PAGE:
Category Archives: Reviews

Previews: The Atlantic Magazine – March 2023

Image

The Atlantic Magazine – March 2023 issue:

We’ve Lost the Plot

Illustration: small abstract human figure stands in between rows of huge glowing smartphone screens
SHIRA INBAR

Our constant need for entertainment has blurred the line between fiction and reality—on television, in American politics, and in our everyday lives.

Sam Bankman-Fried’s Alleged Crimes Have Real Victims

What FTX customers lost may not impoverish them, but they were still cheated.

THE NARCISSISM OF THE ANGRY YOUNG MEN

What to do about the deadly misfits among us? First, recognize the problem.

History: Mahatma Gandhi Assassination At 75 Years

DW News – 75 years ago today, Mahatma Gandhi, who led the campaign for India’s independence, was assassinated in Delhi. The former lawyer is often called the “Father of the Nation” and credited with leading a non-violent struggle for independence from British rule.

Gandhi wanted an independent, peaceful India that protected religious freedom. But that was challenged by growing Muslim and Hindu nationalism. In 1947, India gained independence from the British, but at the cost of Partition – Muslim majority Pakistan and Hindu majority but secular India, came into being. Religous riots followed and Gandhi went on hunger strike to oppose the violence.

On January 30th, 1948, he was assassinated by a Hindu nationalist who believed Gandhi had been too accommodating to Muslims during the Partition. Around a million people turned out for his funeral. That was in 1948. But the India of 2023 is rather different. Hindu nationalism has been emboldened by Prime Minister Narendra Modi – leaving Gandhi’s legacy in tatters, as DW Correspondent Manira Chaudhary finds out.

Previews: The New Yorker Magazine- February 6, 2023

An illustration by Malika Favre. It shows the back of a couple walking on the Brooklyn Bridge.
Art by Malika Favre

The New Yorker – February 6, 2023:

When Law Enforcement Alone Can’t Stop the Violence

Corey Winfield leans through the window of a car, photographed by Rahim Fortune.

Amid a murder crisis in America, community-based solutions have received a flood of funding. How effective are they?

Hildegard of Bingen Composes the Cosmos

How a visionary medieval nun became a towering figure in early musical history.

The Hunt for Russian Collaborators in Ukraine

As occupied territories are liberated, some residents face accusations that they sided with the enemy.

Malika Favre’s “Connected”

The artist discusses seeking inspiration from her surroundings and experiencing new ways of living.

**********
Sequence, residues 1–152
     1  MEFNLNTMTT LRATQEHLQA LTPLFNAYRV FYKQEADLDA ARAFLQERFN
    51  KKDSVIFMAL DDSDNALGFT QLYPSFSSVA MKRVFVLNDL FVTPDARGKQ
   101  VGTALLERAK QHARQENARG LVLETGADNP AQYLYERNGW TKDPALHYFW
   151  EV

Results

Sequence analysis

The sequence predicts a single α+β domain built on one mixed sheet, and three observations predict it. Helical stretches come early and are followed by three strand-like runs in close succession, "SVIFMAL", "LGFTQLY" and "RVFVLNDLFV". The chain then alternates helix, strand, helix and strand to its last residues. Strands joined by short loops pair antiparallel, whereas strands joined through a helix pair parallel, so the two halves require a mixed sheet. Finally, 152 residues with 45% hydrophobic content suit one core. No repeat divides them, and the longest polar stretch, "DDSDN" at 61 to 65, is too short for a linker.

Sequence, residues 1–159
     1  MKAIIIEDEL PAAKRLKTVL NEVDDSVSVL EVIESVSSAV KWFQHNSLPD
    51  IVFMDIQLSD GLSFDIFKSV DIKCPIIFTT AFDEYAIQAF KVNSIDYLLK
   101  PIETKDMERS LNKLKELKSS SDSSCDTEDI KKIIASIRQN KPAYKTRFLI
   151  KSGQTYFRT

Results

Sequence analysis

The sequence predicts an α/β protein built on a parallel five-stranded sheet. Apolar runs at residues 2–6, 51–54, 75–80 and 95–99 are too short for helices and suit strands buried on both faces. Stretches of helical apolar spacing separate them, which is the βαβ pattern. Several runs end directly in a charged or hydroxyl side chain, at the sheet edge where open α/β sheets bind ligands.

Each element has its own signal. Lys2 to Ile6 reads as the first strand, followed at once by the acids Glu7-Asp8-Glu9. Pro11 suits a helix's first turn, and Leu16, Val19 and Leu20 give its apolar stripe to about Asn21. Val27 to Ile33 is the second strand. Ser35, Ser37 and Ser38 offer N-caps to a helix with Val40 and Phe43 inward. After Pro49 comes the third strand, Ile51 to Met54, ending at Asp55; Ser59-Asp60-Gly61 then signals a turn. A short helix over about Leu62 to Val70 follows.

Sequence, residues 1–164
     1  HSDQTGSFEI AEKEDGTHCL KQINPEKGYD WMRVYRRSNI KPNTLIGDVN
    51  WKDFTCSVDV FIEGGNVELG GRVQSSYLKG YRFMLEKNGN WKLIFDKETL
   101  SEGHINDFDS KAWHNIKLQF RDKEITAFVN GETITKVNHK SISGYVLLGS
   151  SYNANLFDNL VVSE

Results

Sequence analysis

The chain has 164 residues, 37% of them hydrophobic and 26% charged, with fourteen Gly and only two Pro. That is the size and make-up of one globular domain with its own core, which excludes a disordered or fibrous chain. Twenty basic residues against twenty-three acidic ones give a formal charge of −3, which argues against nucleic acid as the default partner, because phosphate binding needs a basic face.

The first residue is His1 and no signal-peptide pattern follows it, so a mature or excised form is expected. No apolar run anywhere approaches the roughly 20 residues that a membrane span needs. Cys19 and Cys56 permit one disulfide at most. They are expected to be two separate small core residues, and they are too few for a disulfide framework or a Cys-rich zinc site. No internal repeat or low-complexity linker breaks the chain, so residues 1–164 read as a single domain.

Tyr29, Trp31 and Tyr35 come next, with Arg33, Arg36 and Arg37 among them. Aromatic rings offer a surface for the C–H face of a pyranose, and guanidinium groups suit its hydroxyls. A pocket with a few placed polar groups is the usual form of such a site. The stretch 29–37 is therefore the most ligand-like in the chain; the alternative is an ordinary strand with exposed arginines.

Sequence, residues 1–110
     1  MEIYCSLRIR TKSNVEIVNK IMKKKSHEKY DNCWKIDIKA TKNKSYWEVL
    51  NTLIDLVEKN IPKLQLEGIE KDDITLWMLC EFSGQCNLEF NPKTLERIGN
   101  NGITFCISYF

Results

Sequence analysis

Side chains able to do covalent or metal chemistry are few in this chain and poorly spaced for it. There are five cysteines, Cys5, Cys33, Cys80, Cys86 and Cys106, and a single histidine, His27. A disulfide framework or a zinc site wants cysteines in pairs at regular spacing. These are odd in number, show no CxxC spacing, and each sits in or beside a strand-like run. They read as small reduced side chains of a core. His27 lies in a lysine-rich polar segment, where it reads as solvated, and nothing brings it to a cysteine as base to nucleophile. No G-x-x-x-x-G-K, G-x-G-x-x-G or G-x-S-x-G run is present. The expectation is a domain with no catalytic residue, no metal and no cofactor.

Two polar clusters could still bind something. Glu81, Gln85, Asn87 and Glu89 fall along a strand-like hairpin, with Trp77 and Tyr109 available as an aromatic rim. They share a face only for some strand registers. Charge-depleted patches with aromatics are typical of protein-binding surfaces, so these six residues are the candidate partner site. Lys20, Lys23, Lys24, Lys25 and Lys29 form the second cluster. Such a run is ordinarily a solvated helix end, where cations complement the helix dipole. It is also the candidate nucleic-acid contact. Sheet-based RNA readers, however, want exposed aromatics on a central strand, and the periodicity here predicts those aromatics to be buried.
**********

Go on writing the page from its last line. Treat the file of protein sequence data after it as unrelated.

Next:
International Art: Apollo Magazine – February 2023

Apollo Magazine – February 2023:

.

  • How Christopher Wren built his reputation
  • The changing face of Silicon Valley
  • An interview with Zineb Sedira
  • The tiger who smoked a pipe
  • Plus: the uncertain market for Old Masters, the Cambridge colleges that have turned to wood, the artists who have taken young women seriously, and reviews of Guido Reni, Edward Hopper and the new museum at the Bibliothèque nationale

Profile: ‘Luminist’ Designs Of Architect Steven Holl

CBS Sunday Morning (January 29, 2023) – The works of architect Steven Holl have helped define the look of cities around the world, making remarkable use of light and space.

Correspondent Rita Braver talks with Holl, whose recent works include the REACH at the John F. Kennedy Center for the Performing Arts, in Washington, D.C., and the Kinder Building at The Museum of Fine Arts, Houston – buildings in which Holl hopes to express “the joy from the creative act.”

Steven Holl is a tenured Professor of Architecture who has taught at Columbia GSAPP since 1981. After completing architecture studies in Rome in 1970, the University of Washington in 1971, and graduate studies at London’s Architectural Association in 1976, Holl founded Steven Holl Architects in 1977. Based in New York City, the forty person firm also has an office in Beijing.

Steven Holl has realized cultural, civic, academic and residential projects both in the United States and internationally including the Kiasma Museum of Contemporary Art in Helsinki, Finland (1998); the Chapel of St. Ignatius, Seattle, Washington (1997); Simmons Hall at the Massachusetts Institute of Technology in Cambridge, Massachusetts (2002); the Nelson-Atkins Museum of Art in Kansas City, Missouri (2007); the Horizontal Skyscraper in Shenzhen, China (2009); the Linked Hybrid mixed-use complex in Beijing, China (2009); Cité de l’Océan et du Surf in Biarritz, France (2011); the Reid Building at the Glasgow School of Art, Glasgow, Scotland (2014); the Arts Building West and the Visual Arts Building at the University of Iowa in Iowa City, Iowa (2006, 2016); the Ex of IN House (2016); the Lewis Arts Complex at Princeton University in Princeton, New Jersey (2017); Maggie’s Centre Barts in London (2017); the Institute for Contemporary Art at Virginia Commonwealth University (2018); and the Glassell School of Art at the Museum of Fine Arts, Houston (2018). Upcoming work includes the REACH expansion of the John F. Kennedy Center for Performing Arts in Washington, D.C. (2019); the Winter Visual Arts Center at Franklin & Marshall College (2019); Rubenstein Commons at the Institute for Advanced Study in Princeton, New Jersey (2019); and the expansion of the Museum of Fine Arts, Houston (2020).